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Part 2 of 'Everything is a Remix' cites Hollywood for unoriginality

Posted Wednesday, February 2, 2011 at 10:49 AM Central
Last updated Wednesday, February 2, 2011 at 11:00 AM Central

by Tim Briscoe

My partner-in-crime John turned me onto Kirby Ferguson's short film Everything is a Remix a while back. This fabulously edited documentary centers on originality, or the lack thereof, in popular art forms.

Released last year, part one focused on modern music and its tendency to rehash old riffs, beats, and lyrics into chart-topping hits. His chief example is Led Zeppelin, one of my all-time favorites. I knew all about their propensity for stealing from the early Blues masters. I couldn't blame Ferguson for slamming one of my favorite acts. Rather, it really endeared me to the piece.

Ferguson just released the second in this four-part series. It aims squarely at movies. The filmmaker cites Hollywood for its overuse of sequels and adaptations. It's not a new subject and it's one we have complained about numerous times before. This time around he makes an example of another of my loves -- Star Wars.

Give it a watch. It's really only about six or seven minutes in length.

Blah, blah blah... Joseph Campbell... Flash Gordon... Hidden Fortress. I knew all about the "source material" to George Lucas' space opera. I'd even known about some of the specific shots he examines. But, really? Can you bring fault with one of the most landmark movies ever?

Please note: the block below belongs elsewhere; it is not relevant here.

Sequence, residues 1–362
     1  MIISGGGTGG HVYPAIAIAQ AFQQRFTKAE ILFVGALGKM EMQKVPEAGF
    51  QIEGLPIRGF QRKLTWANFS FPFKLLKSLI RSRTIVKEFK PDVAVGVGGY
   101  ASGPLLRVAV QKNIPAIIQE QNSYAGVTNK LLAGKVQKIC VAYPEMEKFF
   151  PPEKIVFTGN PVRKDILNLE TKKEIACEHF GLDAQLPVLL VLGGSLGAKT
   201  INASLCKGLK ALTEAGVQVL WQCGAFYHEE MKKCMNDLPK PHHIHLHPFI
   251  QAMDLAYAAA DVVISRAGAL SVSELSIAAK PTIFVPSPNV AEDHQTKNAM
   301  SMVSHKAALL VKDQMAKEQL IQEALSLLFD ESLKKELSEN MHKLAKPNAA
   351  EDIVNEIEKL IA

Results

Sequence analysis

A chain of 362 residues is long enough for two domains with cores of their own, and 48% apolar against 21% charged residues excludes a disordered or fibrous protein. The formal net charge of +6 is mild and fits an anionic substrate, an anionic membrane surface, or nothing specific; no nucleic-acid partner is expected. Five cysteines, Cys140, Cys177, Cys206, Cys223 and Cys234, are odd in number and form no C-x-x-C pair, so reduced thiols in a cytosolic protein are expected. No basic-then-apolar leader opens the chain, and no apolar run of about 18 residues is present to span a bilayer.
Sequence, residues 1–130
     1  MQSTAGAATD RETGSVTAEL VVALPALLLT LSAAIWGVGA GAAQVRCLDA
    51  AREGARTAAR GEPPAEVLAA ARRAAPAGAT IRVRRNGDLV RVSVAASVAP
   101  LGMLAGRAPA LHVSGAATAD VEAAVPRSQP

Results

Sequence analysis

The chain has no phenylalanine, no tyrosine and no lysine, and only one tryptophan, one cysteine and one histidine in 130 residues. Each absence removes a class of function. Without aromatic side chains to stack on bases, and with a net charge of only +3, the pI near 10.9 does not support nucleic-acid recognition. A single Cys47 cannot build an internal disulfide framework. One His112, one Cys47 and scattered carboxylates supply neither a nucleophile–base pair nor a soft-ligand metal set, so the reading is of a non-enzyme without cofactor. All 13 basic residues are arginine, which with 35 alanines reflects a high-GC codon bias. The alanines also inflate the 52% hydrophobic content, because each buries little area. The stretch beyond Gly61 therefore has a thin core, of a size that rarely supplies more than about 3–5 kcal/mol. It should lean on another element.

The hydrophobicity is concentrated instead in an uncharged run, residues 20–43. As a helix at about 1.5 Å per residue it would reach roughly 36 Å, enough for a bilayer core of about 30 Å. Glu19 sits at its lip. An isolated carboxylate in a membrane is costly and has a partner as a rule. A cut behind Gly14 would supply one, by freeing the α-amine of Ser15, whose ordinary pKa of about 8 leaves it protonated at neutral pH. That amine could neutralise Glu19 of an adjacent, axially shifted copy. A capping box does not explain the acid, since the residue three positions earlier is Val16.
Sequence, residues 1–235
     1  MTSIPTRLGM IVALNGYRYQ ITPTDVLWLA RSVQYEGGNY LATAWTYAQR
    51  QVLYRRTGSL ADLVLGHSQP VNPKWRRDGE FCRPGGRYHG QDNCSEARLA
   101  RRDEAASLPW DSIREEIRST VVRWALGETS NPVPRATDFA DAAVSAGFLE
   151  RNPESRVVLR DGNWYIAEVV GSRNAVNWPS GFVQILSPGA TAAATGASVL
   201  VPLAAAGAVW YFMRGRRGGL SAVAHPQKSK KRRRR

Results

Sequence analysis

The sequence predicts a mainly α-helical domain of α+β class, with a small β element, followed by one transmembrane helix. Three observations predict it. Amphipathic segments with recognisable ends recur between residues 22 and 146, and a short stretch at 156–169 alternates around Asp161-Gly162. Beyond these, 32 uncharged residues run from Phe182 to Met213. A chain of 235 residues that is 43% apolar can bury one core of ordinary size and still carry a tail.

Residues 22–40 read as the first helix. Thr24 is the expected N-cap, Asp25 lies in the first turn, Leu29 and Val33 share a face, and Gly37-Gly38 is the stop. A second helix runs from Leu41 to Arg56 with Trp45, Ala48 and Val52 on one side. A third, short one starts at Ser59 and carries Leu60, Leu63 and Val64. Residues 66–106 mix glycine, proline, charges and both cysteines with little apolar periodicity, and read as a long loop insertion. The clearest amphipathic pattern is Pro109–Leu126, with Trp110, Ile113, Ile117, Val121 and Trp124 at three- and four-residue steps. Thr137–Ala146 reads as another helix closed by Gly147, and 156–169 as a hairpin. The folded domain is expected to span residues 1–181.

It's not so much that Lucas borrowed from others but how he did it. He combined together so many varied items and added a technical skill that had not been seen before. I wish he would've gotten a little credit for that achievement.

I still loved this new video from Ferguson, as I did the first, but the tone of this one seems different. Rather than just presenting the facts, this one seems a lot more like criticism. Perhaps that's just my defense of Star Wars talking.

All in all, I have to hand it to Ferguson. This is another brilliant presentation. I look forward to Part 3 and will give him a donation to ensure he is able to do so. I hope someone in Hollywood -- someone not as easily offended by this program's evaluation of them -- is watching and gives this talented filmmaker a job.

(If you didn't make it that far in the video, go back and watch the post-credits segment where he discusses Quentin Tarantino and specifically Kill Bill.)

Here's the first part in the series in case you missed it: